Health Care is a Universal Need

After hearing from 114 Filipino clergy and laypersons the past 10 days a common theme emerged. Everyone needs access to health care and the older we get, the more urgently we need it.

We were in the Philippines to hear from retirees about their pension plans butpensions are not the only thing on their minds. Pension needs are extremely important. Many of these folks live below the survival level and this is beyond excusable, especially for those who have given a lifetime serving others through ministry. It’s an injustice that clergy and lay workers in The United Methodist Church outside the United States don’t have the same security and opportunity to live with dignity in their retirement that those in the U.S. have. This must be addressed,and fortunately, the pension board of the church is beginning to do so.

But among lingering unaddressed issues is access to health care. It is extremely frustrating to hear people who need eye surgery, kidney transplants and other treatments say they can’t get the care they need because they have no health insurance and no money to pay for medical care.

We heard three pastors and spouses say they are losing their eyesight but can’t afford the costs of relatively simple surgery for cataracts. Others could benefit from common procedures in the U.S. that are beyond reach in the Philippines.

This is a moral concern in addition to an issue of justice and equity. Upon return to the U.S., I was frustrated to read that President Bush has, for the second time, vetoed health care for children in the U.S.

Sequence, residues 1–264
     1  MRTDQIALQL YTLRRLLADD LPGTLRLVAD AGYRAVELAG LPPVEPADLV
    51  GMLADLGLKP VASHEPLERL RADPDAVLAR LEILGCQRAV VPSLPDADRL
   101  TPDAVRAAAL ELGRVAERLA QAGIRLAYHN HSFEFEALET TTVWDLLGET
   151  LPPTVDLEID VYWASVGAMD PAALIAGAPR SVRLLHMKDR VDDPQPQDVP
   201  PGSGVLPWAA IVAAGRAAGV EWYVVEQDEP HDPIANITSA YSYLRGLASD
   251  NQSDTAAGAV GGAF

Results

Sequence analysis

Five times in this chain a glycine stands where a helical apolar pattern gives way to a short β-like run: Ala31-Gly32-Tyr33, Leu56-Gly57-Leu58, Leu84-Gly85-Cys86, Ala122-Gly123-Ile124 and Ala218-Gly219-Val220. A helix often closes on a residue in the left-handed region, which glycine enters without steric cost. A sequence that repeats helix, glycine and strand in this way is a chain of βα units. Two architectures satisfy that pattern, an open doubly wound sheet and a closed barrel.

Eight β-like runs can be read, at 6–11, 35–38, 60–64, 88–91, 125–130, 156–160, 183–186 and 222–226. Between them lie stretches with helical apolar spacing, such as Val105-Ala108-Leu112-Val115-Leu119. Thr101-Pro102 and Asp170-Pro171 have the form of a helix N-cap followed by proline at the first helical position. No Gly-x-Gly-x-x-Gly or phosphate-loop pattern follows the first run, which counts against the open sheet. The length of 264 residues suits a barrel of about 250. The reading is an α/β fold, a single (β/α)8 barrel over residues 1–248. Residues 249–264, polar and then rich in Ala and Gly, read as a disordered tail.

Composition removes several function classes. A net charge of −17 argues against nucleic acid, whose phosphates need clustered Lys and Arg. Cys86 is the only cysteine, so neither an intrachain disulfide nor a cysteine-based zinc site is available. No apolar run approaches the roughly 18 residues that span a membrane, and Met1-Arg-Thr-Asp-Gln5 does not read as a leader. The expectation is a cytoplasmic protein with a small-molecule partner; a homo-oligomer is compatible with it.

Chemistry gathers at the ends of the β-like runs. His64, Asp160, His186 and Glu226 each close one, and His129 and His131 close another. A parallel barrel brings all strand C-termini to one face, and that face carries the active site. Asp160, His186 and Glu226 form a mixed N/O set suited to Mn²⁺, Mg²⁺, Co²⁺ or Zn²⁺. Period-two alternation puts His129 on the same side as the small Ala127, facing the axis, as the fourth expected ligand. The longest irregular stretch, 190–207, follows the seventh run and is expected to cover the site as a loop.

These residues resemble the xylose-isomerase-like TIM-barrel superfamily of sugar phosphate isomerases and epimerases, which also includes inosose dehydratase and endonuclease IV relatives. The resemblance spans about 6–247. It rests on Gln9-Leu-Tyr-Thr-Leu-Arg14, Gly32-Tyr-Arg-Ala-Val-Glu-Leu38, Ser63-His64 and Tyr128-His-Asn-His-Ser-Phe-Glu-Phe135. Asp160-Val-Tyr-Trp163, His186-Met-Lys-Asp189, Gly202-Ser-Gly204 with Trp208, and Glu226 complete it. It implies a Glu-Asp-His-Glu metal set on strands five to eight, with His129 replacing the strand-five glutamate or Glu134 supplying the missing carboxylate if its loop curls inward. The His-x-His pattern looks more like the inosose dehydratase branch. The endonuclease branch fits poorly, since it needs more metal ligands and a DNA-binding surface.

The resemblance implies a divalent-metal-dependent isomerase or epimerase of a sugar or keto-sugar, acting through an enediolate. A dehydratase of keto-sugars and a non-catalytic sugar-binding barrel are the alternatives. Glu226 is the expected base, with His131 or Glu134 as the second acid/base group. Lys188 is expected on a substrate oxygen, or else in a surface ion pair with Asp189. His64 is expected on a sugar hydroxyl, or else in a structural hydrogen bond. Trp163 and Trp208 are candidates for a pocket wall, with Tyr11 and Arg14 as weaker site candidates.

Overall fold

Health care should not be a political football, but it is. The President’s political agenda tilts in favor of the existing market-based system. And he’s intent on making middle income families pay for health care. To do this he’s willing to deny access to poor children.

But health care in the U.S. is also more costly than the national systems in other developed nations, which tests the credibility of the claim that marketplace competition keeps costs lower and results in better care.

Writing in the New York Times of a post partum procedure, perineal re-education, Pamela Druckerman illustrates the differences between the French system and ours. Druckerman says the French consider it in the national interest to “make mothers new” after giving birth by offering therapy and training to shape the stretched birth canal. So the government antes up 60% of the cost of perineal re-education.

The procedure isn’t commonly offerred in the U.S. and might be considered a luxury. But Druckerman cites a World Health Organization report that the French spent “$3,464 per person on health care in 2004, compared with $6,096 in the United States. Yet Frenchmen live on average two years longer than American men do, and Frenchwomen live four years longer. The infant mortality rate in France is 43 percent lower than in the United States.” The French system offer better results, lower costs and offers a rehabilitative procedure not routinely offerred in the U.S.

Ironically, President Bush supported universal health care for Iraqis at a cost of $950 million in 2004 and the rationale was based on lack of access. If access is right for Iraq, it logically follows that access to basic health care should be a right enjoyed by everyone, Filipino or U.S. citizen.

The world has said as much in article 25 of the Universal Declaration of Human Rights. But we still have a long way to go.

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